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Why Japan's Monetary Policy Makes Good Sense

The commentary on Japan's monetary policy, "Printing yen is not the answer" (Finance, July 1), raises the specter of Weimar Republic-like hyperinflation but then acknowledges that Japan is still plagued by deflation. If so, it makes perfect sense to run an aggressively easy monetary policy.

Japan has fallen into a "liquidity trap" caused by weak credit demand and impaired intermediation by the banking sector because of massive bad loans. Normal monetary policy doesn't work, since liquidity injections do not lead to credit expansion by banks. Therefore the money multiplier is declining. Indeed, the sharp rise in base money growth in Japan that you cite has had no perceptible impact on loan growth so far. The only conventional alternative for monetary policy is to buy government bonds, which at least has the merit of pushing down bond yields somewhat. This may be "artificial," but isn't that what central banks are for?

You argue that this policy enables the government to continue on a "spending spree," but in fact this fiscal policy is probably too tight. Real public-works spending peaked in calendar year 1996 and has fallen every year since then except in 1999, while the most recent cut took place in 1998. The fiscal deficit remains large mainly because of falling tax revenues, caused by weak growth and an excessively progressive tax-rate system: Large percentages of individuals and corporations pay no taxes at all.

Monetization causes inflation only if the government spends the money, and this is not happening. Japan faces massive debt deflation by the private corporate sector, whose debt has fallen cumulatively by roughly 30% of gross domestic product over the past four years, as companies struggle to reduce the huge debt load built up during the bubble period. In this situation, the "fiscal discipline" that you recommend is exactly the wrong policy.

To be sure, growth of gross domestic product in the first quarter was strong, but this was mostly due to exports, as the strength of consumer spending was illusory and is likely to be revised away. Domestic demand is still weak. Since the economic recovery throughout the world is fragile so far, it would not be responsible or realistic to rely on export growth alone to generate a sustainable expansion. Moreover, the recent strengthening of the yen (which illustrates the limited impact of Bank of Japan policy) could undermine the positive impact of rising exports.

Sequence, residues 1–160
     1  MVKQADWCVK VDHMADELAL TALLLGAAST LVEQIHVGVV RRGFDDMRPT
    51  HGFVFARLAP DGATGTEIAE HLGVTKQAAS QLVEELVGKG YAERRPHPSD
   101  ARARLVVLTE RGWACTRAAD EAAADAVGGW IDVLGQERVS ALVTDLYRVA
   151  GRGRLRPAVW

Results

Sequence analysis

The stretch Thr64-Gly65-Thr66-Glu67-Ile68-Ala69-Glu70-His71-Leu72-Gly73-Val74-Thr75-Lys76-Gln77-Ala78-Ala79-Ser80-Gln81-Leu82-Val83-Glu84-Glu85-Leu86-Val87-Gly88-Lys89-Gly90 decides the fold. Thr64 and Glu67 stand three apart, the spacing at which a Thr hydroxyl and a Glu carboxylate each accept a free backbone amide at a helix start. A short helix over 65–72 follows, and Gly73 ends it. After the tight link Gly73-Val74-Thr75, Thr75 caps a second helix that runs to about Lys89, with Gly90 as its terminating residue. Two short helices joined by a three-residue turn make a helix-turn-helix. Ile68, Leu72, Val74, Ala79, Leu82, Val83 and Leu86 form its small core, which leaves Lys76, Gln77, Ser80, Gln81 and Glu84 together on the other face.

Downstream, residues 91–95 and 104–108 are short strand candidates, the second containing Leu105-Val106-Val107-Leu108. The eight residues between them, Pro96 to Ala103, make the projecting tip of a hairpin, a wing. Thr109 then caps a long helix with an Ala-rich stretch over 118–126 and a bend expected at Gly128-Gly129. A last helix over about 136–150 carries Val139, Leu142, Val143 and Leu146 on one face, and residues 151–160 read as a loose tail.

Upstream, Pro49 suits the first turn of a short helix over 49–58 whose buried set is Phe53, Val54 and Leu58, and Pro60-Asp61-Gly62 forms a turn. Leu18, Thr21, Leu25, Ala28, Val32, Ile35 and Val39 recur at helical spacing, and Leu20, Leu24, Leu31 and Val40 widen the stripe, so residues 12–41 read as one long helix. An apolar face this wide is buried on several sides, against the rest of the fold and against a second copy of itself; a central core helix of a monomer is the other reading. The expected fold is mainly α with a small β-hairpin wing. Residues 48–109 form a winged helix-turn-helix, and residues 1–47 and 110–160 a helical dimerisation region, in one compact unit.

It is true that politicians have dragged their feet on structural reform, and economic recovery tends to blunt those impulses even further. Structural reform would no doubt enhance the effectiveness of monetary policy. There is no sign, however, that the adoption of bad macroeconomic policies would change this, and the resulting damage to Japan and other economies could be substantial.

Peter Morgan

Chief Economist

HSBC Securities (Japan) Ltd.


Your commentary criticizes Bank of Japan Governor Masaru Hayami for his aggressive monetary expansion. But after four years of deflation and three successive quarters of economic contraction, what else should he have done? Even if it does eventually lead to a surge in inflation, this would do more good than harm: Reducing the real value of nominal debts would stop good loans from going bad, and rising prices would discourage money hoarding. It is also unfair to blame Hayami for the government's poor spending choices. In fact, Hayami deployed the carrot-and-stick approach rather successfully last year, when he rewarded Prime Minister Koizumi's pro-reform budget with furthermonetary easing.

Many tasks remain for Japan--restructuring, writing off bad loans, improving transparency--but these will do little to increase demand in the near term. For the time being, printing yen is at least part of the answer.

Daniel Ryan


Eddystone, Pa.

Editor's note: The writer is an economist and Japan analyst. "Bono and O'Neill: Who's right on foreign aid?" (American News, June 17), a story about their recent trip to Africa, highlights the current debate on the effectiveness of foreign assistance. While there may be examples of projects that did not achieve desired results, on the whole, the record of poverty-reduction efforts is in fact quite impressive.

With the help of foreign aid, adult illiteracy in developing countries fell to 26% in 1998, down from 47% in 1970; life expectancy in poor countries has risen from 45 to 64 since 1960; there are 55 more democratically elected governments than there were in 1988; about 200 million people have moved above the poverty line since 1980; and smallpox has been eliminated. U.S. assistance through the U.S. Agency for International Development (USAID) has had a particularly significant impact. In Ethiopia, through a program implemented by the Academy for Educational Development (AED), primary-school enrollment has risen to 57%, up from 19% eight years ago.

In Madagascar, where 10% of infants were dying before their first birthday, primarily because of improper breast-feeding, a program funded by USAID and implemented by AED helped increase exclusive breast-feeding practices from 45% to 83% in less than two years. Community-based efforts and a national campaign led by the country's most popular singer helped convince mothers and, perhaps most importantly, the grandmothers, that breast-feeding could save their babies' lives.

In my book, such bottom-line results should make any CEO proud.

Stephen F. Moseley

President and CEO



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